But then, all of a sudden it's September 28, 1938, Germany is about to annex the Sudetenland, it seems like war is imminent, and Mrs. Miniver has to take her children to get fitted for gas masks just in case. From that point on, the coming war is a shadow that hangs over the domestic life of the Minivers. You couldn't have planned this, and that's why it works so well. The previously idyllic life of the Minivers has been disturbed by a phenomenon they hadn't predicted, and Mrs. Miniver is hoping that this war can go better than the last one: "if the worst came to the worst, these children would at least know that we were fighting against an idea, and not against a nation"-- they need to guard against war-time's "slow, yellow, drifting corruption of the mind."

The war brings out the best in the nation, Mrs. Miniver argues, but in a way that's a bit disappointing. She writes in a letter to her sister-in-law, after the declaration of war: "I can think of a hundred ways already in which the war has 'brought us to our senses.' But it oughtn't to need a war to make a nation paint its kerbstones white, carry rear-lamps on its bicycles, and give all its slum children a holiday in the country. And it oughtn't to need a war to make us talk to each other in buses, and invent our own amusements in the evenings, and live simply, and eat sparingly, and recover the use of our legs, and get up early enough to see the sun rise. However, it has needed one: which is about the severest criticism our civilization could have." And it doesn't bring out the best in everyone, either; she recounts talking to a woman who won't promise to billet London children in her country house because it will upset the servants, who says, "Even if the worst does come to the worst, you must make it quite clear to the authorities that I can only accept Really Nice Children."

The book ends, as I said before, shortly after the declaration of war on Germany, with a letter from Mrs. Miniver to her sister-in-law. But apparently Jan Struther did continue to story of Mrs. Miniver and family, with five more dispatches published in the Times during the war, but as the edition I got from the library is from 1940, it doesn't include. You can read the whole book in an authorized e-edition, however, on the University of Pennsylvania website, and I should get around to reading those five later chapters soon.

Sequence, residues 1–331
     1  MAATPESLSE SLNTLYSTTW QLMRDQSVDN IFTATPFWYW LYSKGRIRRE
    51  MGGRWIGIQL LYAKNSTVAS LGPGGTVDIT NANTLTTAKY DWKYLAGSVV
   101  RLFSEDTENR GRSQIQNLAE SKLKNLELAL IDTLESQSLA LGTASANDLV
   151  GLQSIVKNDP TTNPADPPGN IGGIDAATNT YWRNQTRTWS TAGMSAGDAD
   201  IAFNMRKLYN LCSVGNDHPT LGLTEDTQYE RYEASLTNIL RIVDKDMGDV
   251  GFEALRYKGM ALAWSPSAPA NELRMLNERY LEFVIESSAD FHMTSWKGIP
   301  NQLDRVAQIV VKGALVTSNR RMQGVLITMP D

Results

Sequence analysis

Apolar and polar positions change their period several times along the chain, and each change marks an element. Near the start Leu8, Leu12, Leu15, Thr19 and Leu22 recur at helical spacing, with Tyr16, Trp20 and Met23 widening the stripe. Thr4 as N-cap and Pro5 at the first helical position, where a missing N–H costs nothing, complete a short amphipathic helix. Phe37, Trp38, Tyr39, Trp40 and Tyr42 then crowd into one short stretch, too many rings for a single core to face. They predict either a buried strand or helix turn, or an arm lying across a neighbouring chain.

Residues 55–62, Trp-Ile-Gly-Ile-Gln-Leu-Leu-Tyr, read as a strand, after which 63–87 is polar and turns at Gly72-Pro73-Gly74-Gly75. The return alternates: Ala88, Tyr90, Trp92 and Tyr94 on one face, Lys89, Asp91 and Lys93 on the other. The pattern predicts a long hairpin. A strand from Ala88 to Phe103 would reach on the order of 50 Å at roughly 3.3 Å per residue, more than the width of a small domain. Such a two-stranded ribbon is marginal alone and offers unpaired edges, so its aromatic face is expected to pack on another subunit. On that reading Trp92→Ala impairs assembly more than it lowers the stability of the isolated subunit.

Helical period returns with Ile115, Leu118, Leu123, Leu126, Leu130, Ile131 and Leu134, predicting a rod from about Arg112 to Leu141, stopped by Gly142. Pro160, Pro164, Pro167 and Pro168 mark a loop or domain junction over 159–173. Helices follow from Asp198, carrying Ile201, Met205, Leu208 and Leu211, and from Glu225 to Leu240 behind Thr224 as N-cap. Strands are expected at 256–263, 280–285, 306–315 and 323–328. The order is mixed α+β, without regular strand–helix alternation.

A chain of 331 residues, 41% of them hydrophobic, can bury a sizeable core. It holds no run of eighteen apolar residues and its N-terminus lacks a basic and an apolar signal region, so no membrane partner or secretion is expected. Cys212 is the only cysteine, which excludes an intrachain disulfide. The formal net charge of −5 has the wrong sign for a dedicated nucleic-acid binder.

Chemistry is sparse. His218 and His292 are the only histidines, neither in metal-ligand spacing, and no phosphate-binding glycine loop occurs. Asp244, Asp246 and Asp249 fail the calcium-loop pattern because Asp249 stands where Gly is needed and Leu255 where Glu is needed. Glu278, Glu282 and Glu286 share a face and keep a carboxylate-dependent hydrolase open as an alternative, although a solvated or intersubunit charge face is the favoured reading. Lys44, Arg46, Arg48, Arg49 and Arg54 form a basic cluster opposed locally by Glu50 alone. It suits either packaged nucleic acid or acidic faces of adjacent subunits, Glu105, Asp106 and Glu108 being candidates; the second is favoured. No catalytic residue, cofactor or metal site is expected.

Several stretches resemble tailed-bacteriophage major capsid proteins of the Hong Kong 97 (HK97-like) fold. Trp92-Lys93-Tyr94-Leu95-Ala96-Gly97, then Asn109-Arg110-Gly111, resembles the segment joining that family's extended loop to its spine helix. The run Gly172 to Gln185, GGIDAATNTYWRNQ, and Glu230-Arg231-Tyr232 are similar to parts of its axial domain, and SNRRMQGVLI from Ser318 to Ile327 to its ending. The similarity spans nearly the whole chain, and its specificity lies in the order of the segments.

The columns in the Times were wildly popular. When I was skimming the Times digital archive to examine the book in its original context, I found a number of letters from adoring fans. Many speculated on Mrs. Miniver's first name, which wasn't revealed until the 29 Sept. 1939 column. My favorite of the letters I found, however, was this one:

     Sir.—I too have been hoping for another article by Mrs. Miniver, but for quite a different reason from your other writers. I pay a tribute to her creator when I say that I always think of Mrs. Miniver as a real person, and I hate her with an intense hatred. She is always so smug, so right, such a marvellous manager, and things always go so well for her. Well, nothing goes on like that for ever: something horrible must be going to happen to the lady soon, and I want to know her reactions.
     I have no doubt Clem
[Mrs. Miniver's husband] will become an A.R.P. warden, Vin [her eldest son] will join up, Mrs. M., assisted by her daughter, will cope in a wonderful manner with refractory billetees and run the hospital supply depôt in the manner born, and Toby [her youngest son] will join the Boy Scouts. It would be so much more helpful if Mrs. Miniver would tell us how she would behave if her husband had an affair with a pretty A.R.P. worker, if her son refused to join up, and if some of the workers at the hospital rose up in revolt and told the lady exactly where she got off. I expect she would cope with it all in a slightly hurt and surprised manner. No, I think the only thing for Mrs. Miniver is a direct hit from a bomb, and I am quite certain that within a month Clem would marry again a young and pretty, untidy woman, who never by any chance said or did the correct thing, and they would be enormously happy, and so should I.
          Yours truly, M. F. SAVORY.
     24, Arundel Court, Worthing.

The relationship between the book and the film is actually kind of weird, because the film begins shortly before the war and goes through its first couple years. In that way, it's actually more like a sequel to the book than an adaptation of it, because it's entirely about coping with wartime life. However, the details don't line up perfectly-- the Minivers' class status is downgraded in the film a bit, apparently to make things more palatable to American audiences. The Minivers ride out an attack in a bomb shelter, Mr. Miniver participates in the evacuation of Dunkirk, a downed German flier breaks into the Miniver home (the film Mrs. Miniver is less sympathetic to him than I think the novel one would be), and so on. The first film doesn't really line up with the second, either; one of the kids somehow hasn't got any older, another has got a lot older, and a third has completely vanished! But the first film is really good (it won six Academy Awards), and I highly recommend it. You'll also get to discover that Julian Fellowes plagiarized a Downton Abbey subplot from it.